from 2 unpublished trials of DJ known to the investigators.
Methods
Two randomized clinical trials comparing the efficacy and safety of
DJ and BNJ, a TCM approved by the Sino Food and Drug
Administration, in subjects with recent ischemic stroke, are included
in this pooled analysis. Two hundred subjects were randomized in
the first study and 405 in the second. Both studies had similar
designs that are described subsequently.
Patients
Stroke in- or outpatients were recruited from 6 participating institutions (Heilongjiang and Changchun TCM Universities, Shanxi,
Anhui, Henan, and Liaoning Traditional Chinese Medicine Institutes). The protocol was approved by the New Pharmaceutics
Examination Centre of the State Food and Drug Administration and
by each individual institution’s ethics committee.
3-Upper limb paralysis
0⫽No drift
1⫽Weakness in raising arm
2⫽Ability to hold/raise the arm over the shoulder
4⫽Inability to hold/raise the arm over the shoulder
5⫽Slight movement of the arm
6⫽No movement of the arm
6-Toe paralysis
0⫽Normal movement
1⫽Weakness in moving toes
2⫽Partial movement/stretch of the toes
4⫽Slight movement of the toes only
5⫽Complete paralysis of the toes
Exclusion Criteria
Patients with transient ischemic attacks, lacunar infarcts, or infarction of the basilar artery system were excluded from the study.
Patients were also excluded from the study if they had other
intracranial pathologies such as intracranial tumors, atrial fibrillation, other clinically significant systemic diseases, or were pregnant
and lactating women.
Stratification and Randomization
In the 2 randomized trials, eligible patients were randomized after
stratification according to whether their condition was mild, moderate, or severe, using the patients’ score on the DTER (Table 1). A
DTER score of 10 to 13 was classified as mild, 14 to 26 as moderate,
and 27 to 34 as severe. Study centers were requested to target
recruitment of approximately 20% mild, 60% moderate, and 20%
severe cases.
Randomization numbers were generated by computer. Randomization numbers were pregenerated and placed in sealed envelopes.
A serial number was given to each envelope according to the
sequence of allocation of the randomized number. Each envelope
was then opened in sequence according to the admission sequence of
the subjects at the respective study center. Subjects were randomized
into treatment or control groups according to the randomized number
in the envelope.
Subjects as well as investigators and pharmacists were blinded to
the allocation. The password for the randomization envelope for each
subject was kept by the sponsor and a designated researcher.
For simplicity, the BNJ treatment group is later referred to in this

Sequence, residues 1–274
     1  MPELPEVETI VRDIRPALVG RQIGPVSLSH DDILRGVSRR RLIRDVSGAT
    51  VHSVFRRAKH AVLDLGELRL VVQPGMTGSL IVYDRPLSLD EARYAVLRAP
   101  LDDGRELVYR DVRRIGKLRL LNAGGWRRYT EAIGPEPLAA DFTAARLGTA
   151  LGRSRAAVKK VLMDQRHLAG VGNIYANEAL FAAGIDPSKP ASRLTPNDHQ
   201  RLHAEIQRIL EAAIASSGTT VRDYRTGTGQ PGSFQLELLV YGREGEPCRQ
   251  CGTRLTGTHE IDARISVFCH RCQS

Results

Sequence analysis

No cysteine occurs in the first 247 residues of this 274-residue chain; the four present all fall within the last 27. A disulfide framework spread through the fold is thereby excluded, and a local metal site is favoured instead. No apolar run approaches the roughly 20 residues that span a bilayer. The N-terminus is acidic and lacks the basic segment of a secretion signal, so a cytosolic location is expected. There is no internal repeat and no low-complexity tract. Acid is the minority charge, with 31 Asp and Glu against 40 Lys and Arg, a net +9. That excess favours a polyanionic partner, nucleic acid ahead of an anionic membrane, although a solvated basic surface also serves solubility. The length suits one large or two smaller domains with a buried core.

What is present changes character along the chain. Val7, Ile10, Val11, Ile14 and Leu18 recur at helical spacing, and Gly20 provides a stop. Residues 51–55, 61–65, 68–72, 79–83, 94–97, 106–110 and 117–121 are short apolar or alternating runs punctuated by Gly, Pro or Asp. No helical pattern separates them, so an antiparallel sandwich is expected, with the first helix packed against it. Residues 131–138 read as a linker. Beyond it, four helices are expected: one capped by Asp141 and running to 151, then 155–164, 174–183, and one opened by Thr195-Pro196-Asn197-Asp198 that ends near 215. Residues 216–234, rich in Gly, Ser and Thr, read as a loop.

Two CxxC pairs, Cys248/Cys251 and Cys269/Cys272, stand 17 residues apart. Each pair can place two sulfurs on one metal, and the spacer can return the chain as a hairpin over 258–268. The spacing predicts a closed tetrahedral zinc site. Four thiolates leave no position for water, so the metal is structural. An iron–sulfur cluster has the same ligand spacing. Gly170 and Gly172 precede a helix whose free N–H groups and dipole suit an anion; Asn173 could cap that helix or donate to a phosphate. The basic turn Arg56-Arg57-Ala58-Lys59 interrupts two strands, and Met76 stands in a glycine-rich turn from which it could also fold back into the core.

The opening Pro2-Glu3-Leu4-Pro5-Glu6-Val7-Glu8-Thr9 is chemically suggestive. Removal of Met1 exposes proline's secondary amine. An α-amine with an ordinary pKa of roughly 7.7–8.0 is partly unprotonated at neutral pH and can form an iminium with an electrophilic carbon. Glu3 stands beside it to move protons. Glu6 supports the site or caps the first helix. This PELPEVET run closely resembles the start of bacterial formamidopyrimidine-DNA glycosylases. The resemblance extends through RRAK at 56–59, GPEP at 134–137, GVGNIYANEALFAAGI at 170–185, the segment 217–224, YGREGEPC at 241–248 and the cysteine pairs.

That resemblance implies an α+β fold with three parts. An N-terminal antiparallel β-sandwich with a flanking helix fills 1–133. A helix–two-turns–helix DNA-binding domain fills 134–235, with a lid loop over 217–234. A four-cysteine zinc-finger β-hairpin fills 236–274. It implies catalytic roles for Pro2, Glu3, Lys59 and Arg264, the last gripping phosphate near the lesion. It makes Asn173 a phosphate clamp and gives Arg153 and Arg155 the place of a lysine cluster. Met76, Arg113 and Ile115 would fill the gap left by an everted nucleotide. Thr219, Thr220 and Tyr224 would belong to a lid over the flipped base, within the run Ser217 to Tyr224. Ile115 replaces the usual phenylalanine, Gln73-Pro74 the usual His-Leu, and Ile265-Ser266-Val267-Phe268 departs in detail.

article as the “control group.”
Interventions
Inclusion Criteria
Patients were eligible if they (1) were between 18 and 70 years old;
(2) were diagnosed with ischemic stroke according to Western
medicine diagnosis standards in China8; (3) met the requirements of
the TCM standards for diagnosis of apoplexy9; (4) had a Diagnostic
Therapeutic Effects of Apoplexy (DTER) score ⱖ10 (Table 1) (5)
were at the restoration stage according to TCM criteria (ie, between
15 days and 6 months after the onset of symptoms); and (6) provided
signed informed consent.
The Western medicine diagnosis standards followed the “Key
Points for Diagnosing Cerebrovascular Diseases” modified in the 4th
National Cerebrovascular Disease Seminar by the China Medical
Society in 1995.8 Details of the DTER scoring system are provided
in Table 1.
Subjects were randomized to receive either DJ or BNJ, which served
as a control, in a 1:1 ratio in the first study of 200 subjects and in a
3:1 ratio in the second study of 405 subjects. BNJ was used as no
placebo was allowed in accordance with the Chinese guidelines
governing TCM clinical research.
DJ was developed by the No. 1 Hospital attached to the Tianjin
TCM Institute for treating apoplexy with qi deficiency and blood
stasis during the recovery phase. It consists of a dry extract of 14
components, the 2 main ingredients being Radix Astragalus
(Huangqi) and Radix Salviae miltiorrhizae (Danchen). The respective raw materials were processed into a dry extract, which was then
used to fill a hard gelatin capsule. Dextrin, an inert pharmaceutical
excipient, was added to the dry extract to make up the weight of each
capsule to 0.4 g.
Downloaded from stroke.ahajournals.org by guest on January 22, 2009
Chen et al
Table 2.
Danqi Piantang Jiaonang in Poststroke Recovery
3
Baseline Characteristics
Groups
DJ (n⫽400)
Male, n (%)
232 (58%)
Control (n⫽205)
136 (68%)
Mean age and range, years
59.2 (31–70)
58.8 (30–70)
Time from stroke onset to treatment
15–60 days
61–120 days
initiation, n (%)
255 (64%)
83 (21%)
121–180 days
Stroke severity DTER score, n (%)
Mild 10–13
Intermediate 14–26
Severe 27–34
Mild 10–13
Intermediate 14–26
Severe 27–34
n⫽85 (21%)
n⫽252 (63%)
n⫽63 (16%)
n⫽40 (20%)
n⫽121 (59%)
n⫽44 (21%)
62 (16%)
15–60 days
61–120 days
136 (66%)
44 (21%)
121–180 days
25 (12%)
BNJ was produced by the Xianyang Buchang Medicines Co, Ltd.
Both the investigational drug and the control drug were provided by
Tianjin Shitian Medicines Co, Ltd. Subjects took 4 capsules after
each meal, 3 times per day for 4 weeks.
randomized to the DJ treatment group and 205 subjects to
the control group. No subjects were withdrawn or lost to
follow-up.
Data Management
Characteristics of Subjects
We compiled an electronic database consisting of data from individual subjects in the 2 eligible trials. Data included baseline characteristics, the allocated treatment medication, scores as defined by the